Christmas is almost here. We’ve been anxiously awaiting the moment for the past month and it has almost arrived. We’ve spent the last few weeks putting Christmas lights on the outside of our houses and decorating the tree on the inside. Children are getting excited as presents start to gather under the tree, and everyone wonders what treasures these wrapped beauties hold. Shoppers are frantically rushing around trying to purchase the perfect gifts, while most people’s stress level can be determined by whether they are done shopping or still have a few more gifts to buy. Classic Christmas movies have been watched again; from the hilarity of Elf to the Peanuts special as Linus reminds us all of the real meaning of Christmas. And we’ve retold the Christmas story time and time again, through carols and children’s story books, until we can all quote it from memory. It has been a wonderful season already, and Christmas morning is only a few days away.
Yet Christmas is more than all of this; its deeper, richer. Christmas is more than trees, lights, and gifts. It’s more than family gatherings and wonderful traditions. It’s even more than just the story of the virgin birth. It’s the story of the salvation of the world; God’s promise to redeem and restore all that sin destroyed into a new creation.
This is never more evident than in the magnificat, Mary’s Song recorded in Luke 1. Remember the story, Mary has just been visited by the angel Gabriel to inform her that she is blessed among women and will receive the joy of carrying the Messiah in her womb. While she accepts the calling from the angel, she is confused and filled with conflicting emotions (as we all would be if we were given the same news). She leaves home for a while to visit or cousin Elizabeth who is also with child from the Spirit. As she enters Elizabeth’s home, Mary is greeted by her much older cousin with praise and adoration. “How blessed am I,” Elizabeth says, “that the mother of my Lord should visit me?” This greeting somehow encourages Mary to believe with faith, and she offers a song of praise to God. “My soul magnifies the Lord and my spirit rejoices in God my savior….” (Luke 1:46-47) Mary offers praise to God because God has looked favorably upon her. But the song is not just about Mary, it is about salvation coming.
Mary’s song stretches into the past. It is the praise of those who for generations have awaited the coming hope promised by God. It is a song of thanksgiving, recognizing that God has not abandoned the creation, but has been actively seeking redemption and restoration with all things. That mission of reconciliation is entering a new phase with the birth of the Messiah, as God comes to Earth. So while Mary is the one who sings the song, her voice is joined by all of those who have ever hoped for the promised Messiah. Those that have lived, and died, waiting for this moment. Those that the writer of Hebrews calls our Cloud of Witnesses, who have longed for this day. They now offer praise again in the voice of Mary’s song.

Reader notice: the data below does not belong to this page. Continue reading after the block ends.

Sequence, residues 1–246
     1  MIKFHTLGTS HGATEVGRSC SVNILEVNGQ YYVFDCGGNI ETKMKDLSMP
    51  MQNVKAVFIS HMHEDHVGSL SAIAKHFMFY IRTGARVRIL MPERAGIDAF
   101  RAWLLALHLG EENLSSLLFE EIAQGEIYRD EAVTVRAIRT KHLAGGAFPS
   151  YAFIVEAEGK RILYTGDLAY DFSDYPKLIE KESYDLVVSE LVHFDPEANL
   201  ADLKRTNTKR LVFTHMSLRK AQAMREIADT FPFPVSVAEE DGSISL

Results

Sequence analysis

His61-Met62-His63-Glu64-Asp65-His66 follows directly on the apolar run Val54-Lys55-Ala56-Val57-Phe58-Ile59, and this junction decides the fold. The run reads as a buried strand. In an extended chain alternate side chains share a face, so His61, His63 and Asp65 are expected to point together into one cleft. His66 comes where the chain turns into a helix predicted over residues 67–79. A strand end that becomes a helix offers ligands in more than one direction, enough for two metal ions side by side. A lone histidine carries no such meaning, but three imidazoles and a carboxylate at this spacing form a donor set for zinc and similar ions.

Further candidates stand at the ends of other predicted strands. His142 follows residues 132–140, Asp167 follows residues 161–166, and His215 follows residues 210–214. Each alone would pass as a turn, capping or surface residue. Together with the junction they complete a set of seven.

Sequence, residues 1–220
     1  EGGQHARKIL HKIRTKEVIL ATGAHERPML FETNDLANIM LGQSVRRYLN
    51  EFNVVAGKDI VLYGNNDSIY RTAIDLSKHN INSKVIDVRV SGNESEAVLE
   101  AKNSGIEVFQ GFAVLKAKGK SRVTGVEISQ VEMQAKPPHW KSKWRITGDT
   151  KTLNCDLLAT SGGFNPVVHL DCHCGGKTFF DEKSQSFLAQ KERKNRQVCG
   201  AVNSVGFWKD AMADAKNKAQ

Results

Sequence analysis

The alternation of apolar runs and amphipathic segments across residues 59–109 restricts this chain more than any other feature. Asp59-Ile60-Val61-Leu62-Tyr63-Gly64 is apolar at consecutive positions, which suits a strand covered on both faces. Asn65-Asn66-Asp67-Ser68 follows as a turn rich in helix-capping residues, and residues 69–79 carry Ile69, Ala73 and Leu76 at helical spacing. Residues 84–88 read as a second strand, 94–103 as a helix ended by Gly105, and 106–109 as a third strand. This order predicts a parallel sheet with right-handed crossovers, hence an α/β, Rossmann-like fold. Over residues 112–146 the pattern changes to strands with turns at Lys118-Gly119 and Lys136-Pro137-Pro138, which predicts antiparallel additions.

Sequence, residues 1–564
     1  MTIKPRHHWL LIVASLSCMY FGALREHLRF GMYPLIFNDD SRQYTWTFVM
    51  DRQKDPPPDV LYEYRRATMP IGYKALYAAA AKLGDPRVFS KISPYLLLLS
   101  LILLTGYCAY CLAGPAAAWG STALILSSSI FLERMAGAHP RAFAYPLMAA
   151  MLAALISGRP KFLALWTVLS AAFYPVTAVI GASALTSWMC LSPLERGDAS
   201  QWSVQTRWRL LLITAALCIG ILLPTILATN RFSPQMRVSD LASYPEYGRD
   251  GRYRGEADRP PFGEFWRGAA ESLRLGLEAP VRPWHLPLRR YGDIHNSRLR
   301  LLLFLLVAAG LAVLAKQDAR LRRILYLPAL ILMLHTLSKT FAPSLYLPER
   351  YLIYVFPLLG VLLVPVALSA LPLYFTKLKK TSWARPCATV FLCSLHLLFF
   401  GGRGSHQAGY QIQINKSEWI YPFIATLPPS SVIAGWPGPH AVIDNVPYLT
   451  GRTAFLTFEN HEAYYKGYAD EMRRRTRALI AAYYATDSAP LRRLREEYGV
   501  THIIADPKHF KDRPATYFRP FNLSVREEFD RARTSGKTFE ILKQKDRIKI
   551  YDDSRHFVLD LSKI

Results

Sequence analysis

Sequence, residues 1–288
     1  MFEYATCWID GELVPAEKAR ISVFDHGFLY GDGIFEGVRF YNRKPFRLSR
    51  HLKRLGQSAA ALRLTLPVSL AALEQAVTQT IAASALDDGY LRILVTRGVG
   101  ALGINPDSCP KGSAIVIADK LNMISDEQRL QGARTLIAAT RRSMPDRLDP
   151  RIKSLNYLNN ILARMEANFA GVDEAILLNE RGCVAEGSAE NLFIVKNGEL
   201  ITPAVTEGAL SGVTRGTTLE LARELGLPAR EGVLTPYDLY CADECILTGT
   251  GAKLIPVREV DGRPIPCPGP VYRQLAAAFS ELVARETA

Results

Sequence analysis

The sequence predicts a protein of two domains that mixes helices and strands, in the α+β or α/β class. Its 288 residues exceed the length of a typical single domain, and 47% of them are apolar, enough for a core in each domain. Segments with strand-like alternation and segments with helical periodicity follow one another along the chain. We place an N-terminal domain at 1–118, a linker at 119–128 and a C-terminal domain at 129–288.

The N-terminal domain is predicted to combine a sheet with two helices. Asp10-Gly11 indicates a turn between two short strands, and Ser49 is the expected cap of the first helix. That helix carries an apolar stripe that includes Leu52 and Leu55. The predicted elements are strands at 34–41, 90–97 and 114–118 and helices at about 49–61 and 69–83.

Mary’s song also stretches into the future. Mary speaks of God reordering the world and making all things new. Mary speaks of God scattering the proud and bringing down the lofty, while lifting up the lowly and filling the hungry with good things. Mary speaks of how God is ushering in the new creation. The old world of sin and death will be removed, and replaced by God’s glorious kingdom. Mary speaks of these events with certainty, using past tense verbs. (God scattered, God brought down, God lifted, God filled) Mary speaks in the past tense because the salvation that has been promised is now so certain to arrive that she can speak of it as if it’s already happened. In the birth of Jesus, God has brought salvation to earth, and the victory is secure. There is reason to celebrate.
As we look forward to the next few days and the joy of Christmas morning, we must not lose focus about what is really happening. Mary’s song reminds us that Christmas is not just about the baby being born, it is also the certainty that God has fulfilled the promise and salvation is here. Salvation is here, so come today and accept salvation. Salvation is here, so come and be baptized in the water of life. Salvation is here, so jump with both feet into this lifestyle of discipleship, for there is no holding back.
And celebrate. Join your voice with the voices of those in the past and future and sing Mary’s Song for God is to be praised, salvation has come.